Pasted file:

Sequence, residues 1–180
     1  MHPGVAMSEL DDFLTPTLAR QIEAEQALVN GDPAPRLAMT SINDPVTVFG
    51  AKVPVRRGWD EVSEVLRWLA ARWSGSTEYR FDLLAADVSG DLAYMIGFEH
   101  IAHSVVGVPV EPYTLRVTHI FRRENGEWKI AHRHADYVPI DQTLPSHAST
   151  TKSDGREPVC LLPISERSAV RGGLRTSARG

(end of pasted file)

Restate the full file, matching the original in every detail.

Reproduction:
Sequence, residues 1–180
     1  MHPGVAMSEL DDFLTPTLAR QIEAEQALVN GDPAPRLAMT SINDPVTVFG
    51  AKVPVRRGWD EVSEVLRWLA ARWSGSTEYR FDLLAADVSG DLAYMIGFEH
   101  IAHSVVGVPV EPYTLRVTHI FRRENGEWKI AHRHADYVPI DQTLPSHAST
   151  TKSDGREPVC LLPISERSAV RGGLRTSARG